Through the selective growing of common pea plants (Pisum sativum) over many generations, Mendel discovered that certain traits show up in offspring plants without any blending of parent characteristics. For instance, the pea flowers are either purple or white: intermediate colors do not appear in the offspring of cross-pollinated pea plants. Mendel observed seven traits that are easily recognised and apparently only occur in one of two forms:
This observation that there are traits that do not show up in offspring plants with intermediate forms was critically important. The leading theory in biology at the time was that inherited traits blend from generation to generation. Mendel picked common garden pea plants for the focus of his research. Garden peas can be grown easily in large numbers and their reproduction can be manipulated. Pea plants have both male and female reproductive organs. As a result, they can either self-pollinate or cross-pollinate with another plant. In his experiments, Mendel was able to selectively cross-pollinate purebred plants with particular traits and observe the outcome over many generations.
In cross-pollinating plants that either produce purple or white flowers exclusively, Mendel found that the first offspring generation (F1) always has purple flowers. Realise that in this experiment both the starting parent plants were homozygous for flower color. However, the following generation (F2) consistently has a 3:1 ratio of purple to white. This 3:1 ratio occurs in later generations as well. This is the key to understanding the basic mechanisms of inheritance.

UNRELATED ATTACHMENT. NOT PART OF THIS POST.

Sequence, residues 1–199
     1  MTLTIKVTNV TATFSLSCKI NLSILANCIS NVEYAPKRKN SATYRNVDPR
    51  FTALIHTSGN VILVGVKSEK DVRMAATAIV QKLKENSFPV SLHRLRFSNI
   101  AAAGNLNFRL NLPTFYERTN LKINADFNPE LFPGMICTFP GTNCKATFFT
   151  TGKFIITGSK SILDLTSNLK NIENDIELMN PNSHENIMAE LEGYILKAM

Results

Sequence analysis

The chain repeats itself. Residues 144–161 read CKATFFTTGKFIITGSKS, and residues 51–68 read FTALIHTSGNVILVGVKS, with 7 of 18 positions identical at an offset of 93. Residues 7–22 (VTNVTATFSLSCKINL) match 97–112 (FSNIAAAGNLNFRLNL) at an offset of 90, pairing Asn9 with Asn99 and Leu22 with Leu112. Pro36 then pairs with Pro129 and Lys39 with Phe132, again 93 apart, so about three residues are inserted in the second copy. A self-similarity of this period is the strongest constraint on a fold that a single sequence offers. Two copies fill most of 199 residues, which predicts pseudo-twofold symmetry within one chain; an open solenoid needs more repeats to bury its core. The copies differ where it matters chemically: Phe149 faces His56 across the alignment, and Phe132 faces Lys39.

The experimental results
He came to three important conclusions from these three experimental results:
With all of the seven pea plant traits that Mendel examined, one form appeared dominant over the other. In other words, it masked the presence of the other allele. For example, when the genotype for flower color is purple / white (heterozygous), the phenotype is purple. However, the dominant purple allele does not alter the recessive white one in any way. Both alleles can be passed on to the next generation unchanged.
The conclusions of his experiments
Mendel's observations from these experiments can be summarised in two principles:
According to the principle of segregation, for any particular trait, the pair of alleles of each parent separate and only one allele passes from each parent on to an offspring. Which allele in a parent's pair of alleles is inherited is a matter of chance. We now know that this segregation of alleles occurs during the process of sex cell formation (i.e. meiosis ).